This article in TIME, raises an interesting point that I'd like to extrapolate on. It argues:
The U.S. government has spent "more than half-a-trillion dollars" in support of the war effort, while that money could be spent on pressing needs in this country, he said. Economy Sagging Due to Iraq War? - TIME
The article goes on to list poll results stating that 68% of the American people think that withdrawing from Iraq would help the countries economic troubles. The argument is fairly convincing. Especially considering that the US annual budget is now over $3 trillion, and the US GDP is now $13.13 trillion.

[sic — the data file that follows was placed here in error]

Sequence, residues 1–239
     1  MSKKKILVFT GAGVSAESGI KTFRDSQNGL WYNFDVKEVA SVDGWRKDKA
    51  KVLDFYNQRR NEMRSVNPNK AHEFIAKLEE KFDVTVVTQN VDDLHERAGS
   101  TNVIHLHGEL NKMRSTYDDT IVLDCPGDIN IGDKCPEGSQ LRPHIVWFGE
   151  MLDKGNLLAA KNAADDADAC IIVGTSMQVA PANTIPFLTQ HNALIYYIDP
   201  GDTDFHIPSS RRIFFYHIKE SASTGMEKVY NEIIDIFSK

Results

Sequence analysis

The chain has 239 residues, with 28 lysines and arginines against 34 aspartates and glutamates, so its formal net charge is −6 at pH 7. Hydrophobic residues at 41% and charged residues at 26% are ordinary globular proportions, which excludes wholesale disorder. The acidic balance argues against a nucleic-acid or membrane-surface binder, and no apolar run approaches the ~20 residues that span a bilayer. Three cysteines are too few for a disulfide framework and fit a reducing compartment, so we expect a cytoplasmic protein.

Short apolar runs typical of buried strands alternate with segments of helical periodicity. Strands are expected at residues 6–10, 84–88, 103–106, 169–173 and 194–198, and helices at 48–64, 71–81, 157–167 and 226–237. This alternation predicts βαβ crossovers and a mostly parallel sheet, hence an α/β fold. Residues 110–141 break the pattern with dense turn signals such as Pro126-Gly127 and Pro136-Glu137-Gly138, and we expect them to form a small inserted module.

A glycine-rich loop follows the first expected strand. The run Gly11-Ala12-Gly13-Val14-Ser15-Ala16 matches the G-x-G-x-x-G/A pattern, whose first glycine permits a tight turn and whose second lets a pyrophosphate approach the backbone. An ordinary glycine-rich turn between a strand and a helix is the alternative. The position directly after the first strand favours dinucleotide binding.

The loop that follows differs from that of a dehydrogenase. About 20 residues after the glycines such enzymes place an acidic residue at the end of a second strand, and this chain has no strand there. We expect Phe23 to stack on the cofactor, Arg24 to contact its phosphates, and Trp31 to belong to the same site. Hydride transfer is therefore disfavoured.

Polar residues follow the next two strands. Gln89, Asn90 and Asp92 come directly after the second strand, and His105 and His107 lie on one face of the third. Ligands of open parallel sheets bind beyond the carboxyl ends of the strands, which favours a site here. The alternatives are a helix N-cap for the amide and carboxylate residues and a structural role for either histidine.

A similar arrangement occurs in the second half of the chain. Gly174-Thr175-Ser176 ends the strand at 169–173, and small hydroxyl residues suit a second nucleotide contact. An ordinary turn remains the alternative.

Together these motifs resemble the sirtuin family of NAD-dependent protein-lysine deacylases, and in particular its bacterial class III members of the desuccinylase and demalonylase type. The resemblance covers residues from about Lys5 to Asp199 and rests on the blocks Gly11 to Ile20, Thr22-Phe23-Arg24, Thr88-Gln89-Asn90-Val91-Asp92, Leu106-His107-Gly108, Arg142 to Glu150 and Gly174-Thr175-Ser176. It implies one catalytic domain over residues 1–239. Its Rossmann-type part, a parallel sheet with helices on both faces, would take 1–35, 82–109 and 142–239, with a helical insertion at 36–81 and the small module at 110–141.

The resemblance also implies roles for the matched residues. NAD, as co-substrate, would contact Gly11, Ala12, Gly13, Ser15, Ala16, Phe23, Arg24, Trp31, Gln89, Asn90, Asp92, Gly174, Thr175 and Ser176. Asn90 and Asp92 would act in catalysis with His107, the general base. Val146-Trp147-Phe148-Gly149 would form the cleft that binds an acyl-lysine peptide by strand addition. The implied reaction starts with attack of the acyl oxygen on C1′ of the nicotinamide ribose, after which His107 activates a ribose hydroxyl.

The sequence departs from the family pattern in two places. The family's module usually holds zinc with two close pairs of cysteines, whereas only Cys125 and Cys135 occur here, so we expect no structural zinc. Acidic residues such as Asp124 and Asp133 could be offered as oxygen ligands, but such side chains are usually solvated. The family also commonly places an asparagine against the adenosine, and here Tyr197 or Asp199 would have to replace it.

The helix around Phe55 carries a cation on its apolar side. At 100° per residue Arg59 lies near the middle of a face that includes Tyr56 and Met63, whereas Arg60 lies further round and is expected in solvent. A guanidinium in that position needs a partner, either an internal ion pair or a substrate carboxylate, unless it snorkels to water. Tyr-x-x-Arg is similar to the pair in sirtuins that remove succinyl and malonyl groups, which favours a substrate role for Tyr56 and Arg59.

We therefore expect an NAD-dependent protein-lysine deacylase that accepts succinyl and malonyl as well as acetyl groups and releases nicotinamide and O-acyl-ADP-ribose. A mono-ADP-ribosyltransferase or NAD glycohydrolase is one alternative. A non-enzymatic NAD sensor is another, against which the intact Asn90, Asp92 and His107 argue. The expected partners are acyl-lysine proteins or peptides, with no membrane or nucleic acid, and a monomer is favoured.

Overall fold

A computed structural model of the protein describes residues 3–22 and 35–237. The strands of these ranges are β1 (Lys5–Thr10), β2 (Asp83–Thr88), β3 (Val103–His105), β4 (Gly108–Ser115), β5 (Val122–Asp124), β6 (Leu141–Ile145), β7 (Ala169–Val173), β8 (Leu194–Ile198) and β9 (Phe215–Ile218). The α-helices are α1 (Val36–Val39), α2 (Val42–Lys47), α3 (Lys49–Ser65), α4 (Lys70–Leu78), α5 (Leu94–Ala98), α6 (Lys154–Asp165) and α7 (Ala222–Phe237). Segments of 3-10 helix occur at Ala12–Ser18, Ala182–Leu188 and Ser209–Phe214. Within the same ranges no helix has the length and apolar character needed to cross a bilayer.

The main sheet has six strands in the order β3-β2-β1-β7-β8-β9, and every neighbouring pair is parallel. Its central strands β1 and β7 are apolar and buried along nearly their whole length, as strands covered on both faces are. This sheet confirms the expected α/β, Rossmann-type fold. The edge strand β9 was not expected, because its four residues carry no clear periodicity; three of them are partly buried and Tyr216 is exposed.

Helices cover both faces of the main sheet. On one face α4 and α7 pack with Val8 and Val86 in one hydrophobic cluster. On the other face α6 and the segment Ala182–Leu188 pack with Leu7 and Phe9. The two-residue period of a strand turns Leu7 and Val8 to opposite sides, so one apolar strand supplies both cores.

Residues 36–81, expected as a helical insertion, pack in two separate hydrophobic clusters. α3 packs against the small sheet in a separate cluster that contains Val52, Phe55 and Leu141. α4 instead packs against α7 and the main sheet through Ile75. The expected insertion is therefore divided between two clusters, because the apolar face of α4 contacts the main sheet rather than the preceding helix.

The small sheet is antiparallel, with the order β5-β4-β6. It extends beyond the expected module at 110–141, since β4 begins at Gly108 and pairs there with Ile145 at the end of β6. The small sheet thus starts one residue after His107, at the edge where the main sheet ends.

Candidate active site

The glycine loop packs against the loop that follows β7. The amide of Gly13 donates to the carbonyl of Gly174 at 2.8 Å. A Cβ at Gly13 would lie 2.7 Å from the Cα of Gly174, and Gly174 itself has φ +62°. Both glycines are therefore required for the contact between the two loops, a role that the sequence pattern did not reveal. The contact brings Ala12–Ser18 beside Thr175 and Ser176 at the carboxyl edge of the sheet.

The point is well made that this war has had significant negative impact on the US economy. This is the point that I'd like to dwell on.
Historically, wars have been good for the US economy. They've sparked economic mobilization, technological advances, and increased economic output. Now, I'm not sure if this holds true for the Vietnam War (I suspect it does, but I cannot find anything to back it up). It certainly holds true for:
- The Revolutionary War
- The War of 1812
- The Civil War
- World War I
- World War II
- The Korean War
- The Gulf War
If it is to be believed that the Iraqi War has actually harmed the US economy, then I think that it is remarkable in that it is the first. It's also important examine why that has happened. These factors would be invaluable in assessing the worth, or even the status, of a war. One might even make a case for economics determining the 'correctness' of a war in the future.